Drama and transition defined Vegas gay nightlife throughout 2013. And given the changes happening in just these first two weeks of January, it may experience an even more momentous 2014.
A refresher: Last year, LGBT merrymakers saw the (over-)ambitious Krave Massive fail so spectacularly, it took down gay-and-straight favorite Drink & Drag with it; longtime leather bar the Buffalo close; and Marquee Nightclub start, then stop the first gay megaclub promo within three weeks. The old Keys piano bar space went gay again for the new Club Metro; the former Club Utopia/Empire Ballroom spot briefly hosted the Affair and later a downsized Krave, bought back by original owner Sia Amiri; Latino mainstay the Backdoor suffered extensive damage during an early-morning fire; and Las Vegas Eagle became the latest homo hangout to get spanked (and not in a good way) by the unlikely moral crusaders in the Nevada Gaming Control Board. Finally, nightlife entrepreneur Paul San Filipo memorably rejected TV show Bar Rescue’s renovation of his pioneering but fading gay nightclub, Gipsy.
If you’re out of breath, don’t look for air here—2014 pretty much picks up where 2013 left off.
New Year’s Eve introduced the community to Krazy Bar, located just adjacent to the Fruit Loop. Two days later, West Sahara Avenue watering hole Escape Lounge became the Phoenix. And, most intriguing of the new developments, Light nightclub and Cirque du Soleil announced an art-minded, show-oriented event called Exposure, co-promoted by gay nightlife pillar Eduardo Cordova, whose social-club concept, Confidential Wednesdays at Cosmopolitan’s newly expanded Bond lounge, just received a six-month extension.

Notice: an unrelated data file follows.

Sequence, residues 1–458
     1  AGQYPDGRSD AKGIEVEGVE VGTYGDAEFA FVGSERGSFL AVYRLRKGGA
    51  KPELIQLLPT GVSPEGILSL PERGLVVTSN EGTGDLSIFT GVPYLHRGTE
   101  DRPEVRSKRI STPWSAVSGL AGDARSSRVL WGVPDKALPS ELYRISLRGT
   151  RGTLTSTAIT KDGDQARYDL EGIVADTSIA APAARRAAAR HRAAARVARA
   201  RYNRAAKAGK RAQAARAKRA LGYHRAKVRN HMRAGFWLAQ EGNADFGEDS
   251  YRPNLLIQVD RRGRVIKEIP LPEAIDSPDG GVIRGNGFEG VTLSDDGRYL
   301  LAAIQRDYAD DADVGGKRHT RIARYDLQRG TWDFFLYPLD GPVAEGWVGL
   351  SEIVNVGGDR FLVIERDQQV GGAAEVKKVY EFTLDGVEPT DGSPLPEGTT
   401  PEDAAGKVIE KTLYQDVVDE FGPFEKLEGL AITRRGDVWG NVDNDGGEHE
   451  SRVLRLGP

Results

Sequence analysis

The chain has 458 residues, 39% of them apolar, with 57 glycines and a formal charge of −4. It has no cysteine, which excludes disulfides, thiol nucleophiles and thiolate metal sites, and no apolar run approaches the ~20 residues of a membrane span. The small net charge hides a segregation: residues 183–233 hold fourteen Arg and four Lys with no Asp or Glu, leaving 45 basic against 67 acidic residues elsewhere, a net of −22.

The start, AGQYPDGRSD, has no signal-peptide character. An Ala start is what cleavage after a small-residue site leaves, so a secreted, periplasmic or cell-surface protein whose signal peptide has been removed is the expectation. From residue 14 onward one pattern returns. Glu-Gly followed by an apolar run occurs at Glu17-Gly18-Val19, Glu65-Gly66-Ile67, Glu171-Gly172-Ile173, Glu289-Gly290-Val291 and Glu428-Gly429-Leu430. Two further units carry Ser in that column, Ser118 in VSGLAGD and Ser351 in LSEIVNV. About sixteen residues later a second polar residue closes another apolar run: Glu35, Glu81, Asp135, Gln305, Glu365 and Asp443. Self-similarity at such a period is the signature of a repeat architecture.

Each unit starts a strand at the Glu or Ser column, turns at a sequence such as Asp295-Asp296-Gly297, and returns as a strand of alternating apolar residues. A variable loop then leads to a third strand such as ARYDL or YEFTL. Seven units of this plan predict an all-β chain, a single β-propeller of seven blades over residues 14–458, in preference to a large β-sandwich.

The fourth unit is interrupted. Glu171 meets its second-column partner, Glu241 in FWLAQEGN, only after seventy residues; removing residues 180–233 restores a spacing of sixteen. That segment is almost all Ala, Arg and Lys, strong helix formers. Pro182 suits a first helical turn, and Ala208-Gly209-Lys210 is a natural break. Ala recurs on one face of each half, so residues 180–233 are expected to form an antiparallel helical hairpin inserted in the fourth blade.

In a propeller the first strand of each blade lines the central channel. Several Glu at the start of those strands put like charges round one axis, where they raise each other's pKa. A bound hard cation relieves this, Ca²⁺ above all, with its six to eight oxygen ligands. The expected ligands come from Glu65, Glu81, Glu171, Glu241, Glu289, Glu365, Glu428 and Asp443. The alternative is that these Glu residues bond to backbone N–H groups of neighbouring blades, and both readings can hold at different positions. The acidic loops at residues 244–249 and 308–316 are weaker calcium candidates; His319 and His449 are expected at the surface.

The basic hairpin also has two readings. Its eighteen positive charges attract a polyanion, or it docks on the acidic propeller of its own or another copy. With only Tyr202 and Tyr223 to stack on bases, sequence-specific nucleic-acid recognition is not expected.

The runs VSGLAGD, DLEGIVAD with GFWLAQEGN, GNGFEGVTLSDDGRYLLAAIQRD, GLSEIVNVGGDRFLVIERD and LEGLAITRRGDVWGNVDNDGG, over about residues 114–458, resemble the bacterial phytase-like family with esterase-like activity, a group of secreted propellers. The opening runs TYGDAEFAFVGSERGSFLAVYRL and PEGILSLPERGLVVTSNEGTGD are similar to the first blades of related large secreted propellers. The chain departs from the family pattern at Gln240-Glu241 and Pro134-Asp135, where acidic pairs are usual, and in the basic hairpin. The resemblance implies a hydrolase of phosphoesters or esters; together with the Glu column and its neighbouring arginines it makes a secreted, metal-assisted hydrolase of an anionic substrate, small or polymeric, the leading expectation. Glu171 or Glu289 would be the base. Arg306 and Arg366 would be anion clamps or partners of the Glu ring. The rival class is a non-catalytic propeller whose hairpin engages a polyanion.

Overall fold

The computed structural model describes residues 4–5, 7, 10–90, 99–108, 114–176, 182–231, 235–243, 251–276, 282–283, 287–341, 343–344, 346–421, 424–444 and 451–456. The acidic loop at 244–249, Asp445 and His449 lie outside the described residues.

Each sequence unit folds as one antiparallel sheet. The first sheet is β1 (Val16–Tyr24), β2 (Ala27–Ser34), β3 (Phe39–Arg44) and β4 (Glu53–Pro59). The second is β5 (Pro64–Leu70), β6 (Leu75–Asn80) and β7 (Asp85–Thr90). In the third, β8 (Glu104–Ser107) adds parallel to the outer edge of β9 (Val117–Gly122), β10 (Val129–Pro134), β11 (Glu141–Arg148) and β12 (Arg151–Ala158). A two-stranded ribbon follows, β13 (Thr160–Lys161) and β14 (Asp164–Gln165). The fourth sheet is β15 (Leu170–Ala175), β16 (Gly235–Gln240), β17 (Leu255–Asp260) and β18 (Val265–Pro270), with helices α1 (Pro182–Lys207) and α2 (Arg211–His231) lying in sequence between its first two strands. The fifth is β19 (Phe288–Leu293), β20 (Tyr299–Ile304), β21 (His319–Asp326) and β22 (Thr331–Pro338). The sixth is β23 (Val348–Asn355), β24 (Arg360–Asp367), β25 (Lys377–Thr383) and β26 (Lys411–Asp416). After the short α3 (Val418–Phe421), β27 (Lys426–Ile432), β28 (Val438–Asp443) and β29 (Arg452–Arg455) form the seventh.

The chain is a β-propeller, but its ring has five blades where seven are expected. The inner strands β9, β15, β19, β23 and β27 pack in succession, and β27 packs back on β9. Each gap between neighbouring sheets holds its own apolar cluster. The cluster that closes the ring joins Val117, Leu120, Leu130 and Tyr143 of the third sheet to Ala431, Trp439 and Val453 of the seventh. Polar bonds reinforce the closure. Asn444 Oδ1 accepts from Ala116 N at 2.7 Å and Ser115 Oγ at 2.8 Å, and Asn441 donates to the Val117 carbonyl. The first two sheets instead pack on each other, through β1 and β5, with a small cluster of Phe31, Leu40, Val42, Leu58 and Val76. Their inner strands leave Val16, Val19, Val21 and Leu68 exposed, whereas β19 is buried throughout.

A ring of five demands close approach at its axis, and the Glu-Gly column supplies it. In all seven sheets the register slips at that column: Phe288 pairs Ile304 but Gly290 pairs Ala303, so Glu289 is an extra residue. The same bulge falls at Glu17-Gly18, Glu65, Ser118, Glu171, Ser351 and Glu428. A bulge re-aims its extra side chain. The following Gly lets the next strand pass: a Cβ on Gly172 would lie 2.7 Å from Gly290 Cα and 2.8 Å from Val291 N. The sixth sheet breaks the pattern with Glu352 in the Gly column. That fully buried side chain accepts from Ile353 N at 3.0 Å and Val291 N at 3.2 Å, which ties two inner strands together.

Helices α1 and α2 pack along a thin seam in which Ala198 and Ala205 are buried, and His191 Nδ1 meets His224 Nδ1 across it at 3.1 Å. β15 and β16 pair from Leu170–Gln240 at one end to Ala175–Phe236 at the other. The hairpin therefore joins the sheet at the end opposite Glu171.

The specs for Exposure on January 19 read like that of a game changer. Video projections upon the bodies of Cirque dancers. Aerialists performing in vignettes created at Cirque HQ in Montreal just for the event. An art exhibition and auction to benefit local LGBT-related causes. Short film screenings. And DJs who haven’t already worn out their welcome here, like headliner Dave Audé and circuit house favorite Joe Gauthreaux.
“It’s unlike anything that I’ve been involved with before,” Cordova says. “Every hour there is a different thing happening; the night progresses as it goes on.” Exposure, now a one-off, could itself progress to a biannual or quarterly schedule if it’s a success.
Just northwest of Light stands Escape Lounge—or so says the sign for now. Soon, it will read the Phoenix, which will boast gay ownership for the first time in its eight-year history. (Its straight founder is also looking to sell his other local gay bar, Goodtimes.) Its three new proprietors are unique in that they’re all men in a nearly decade-long polyamorous relationship, which will help characterize the Phoenix in a couple ways. For one, their combined skill sets, resources and experience cover nearly all of the business’ needs.
Also, the trio plans to recast the bar as a truly alternative but welcoming gathering spot, a goal no doubt influenced by their participation with and enthusiasm for the Burning Man community. “We want to be a bar that takes pride in stepping outside of the box,” says co-owner Gabe Cressy. “We have a huge opportunity to radically express ourselves and be a truly different place for not just gay folks, but straight, bi, pan, poly, open or people who just don’t give a crap about labels anymore and want to feel included.”
Finally, Krazy Bar will boast its own alternative designation. The lounge connected to Stir Krazy Mongolian Grill—both are owned by Oscar Santana, another well-connected LGBT nightlife figure—will give beverage seekers a much-needed non-smoking option. It’s currently open Thursday through Saturday—but given the capriciousness of local gay nightlife, that could change at any time.